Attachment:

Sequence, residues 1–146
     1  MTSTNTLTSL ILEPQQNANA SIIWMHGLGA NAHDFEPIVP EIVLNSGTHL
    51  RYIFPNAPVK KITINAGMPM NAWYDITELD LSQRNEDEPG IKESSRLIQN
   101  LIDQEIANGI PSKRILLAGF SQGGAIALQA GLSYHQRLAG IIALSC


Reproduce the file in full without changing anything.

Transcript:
Sequence, residues 1–146
     1  MTSTNTLTSL ILEPQQNANA SIIWMHGLGA NAHDFEPIVP EIVLNSGTHL
    51  RYIFPNAPVK KITINAGMPM NAWYDITELD LSQRNEDEPG IKESSRLIQN
   101  LIDQEIANGI PSKRILLAGF SQGGAIALQA GLSYHQRLAG IIALSC